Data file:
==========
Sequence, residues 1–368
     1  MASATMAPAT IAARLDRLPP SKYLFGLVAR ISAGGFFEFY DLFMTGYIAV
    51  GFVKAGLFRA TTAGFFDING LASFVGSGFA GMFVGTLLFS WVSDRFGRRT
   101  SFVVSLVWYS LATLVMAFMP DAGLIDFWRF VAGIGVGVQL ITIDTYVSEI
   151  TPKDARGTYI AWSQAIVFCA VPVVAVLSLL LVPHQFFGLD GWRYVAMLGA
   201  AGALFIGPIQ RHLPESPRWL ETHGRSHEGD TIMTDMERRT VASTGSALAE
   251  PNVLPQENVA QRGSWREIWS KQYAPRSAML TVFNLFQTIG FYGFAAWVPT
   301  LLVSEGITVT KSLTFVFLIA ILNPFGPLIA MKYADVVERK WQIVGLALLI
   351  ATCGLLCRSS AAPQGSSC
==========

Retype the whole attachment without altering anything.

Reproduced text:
Sequence, residues 1–368
     1  MASATMAPAT IAARLDRLPP SKYLFGLVAR ISAGGFFEFY DLFMTGYIAV
    51  GFVKAGLFRA TTAGFFDING LASFVGSGFA GMFVGTLLFS WVSDRFGRRT
   101  SFVVSLVWYS LATLVMAFMP DAGLIDFWRF VAGIGVGVQL ITIDTYVSEI
   151  TPKDARGTYI AWSQAIVFCA VPVVAVLSLL LVPHQFFGLD GWRYVAMLGA
   201  AGALFIGPIQ RHLPESPRWL ETHGRSHEGD TIMTDMERRT VASTGSALAE
   251  PNVLPQENVA QRGSWREIWS KQYAPRSAML TVFNLFQTIG FYGFAAWVPT
   301  LLVSEGITVT KSLTFVFLIA ILNPFGPLIA MKYADVVERK WQIVGLALLI
   351  ATCGLLCRSS AAPQGSSC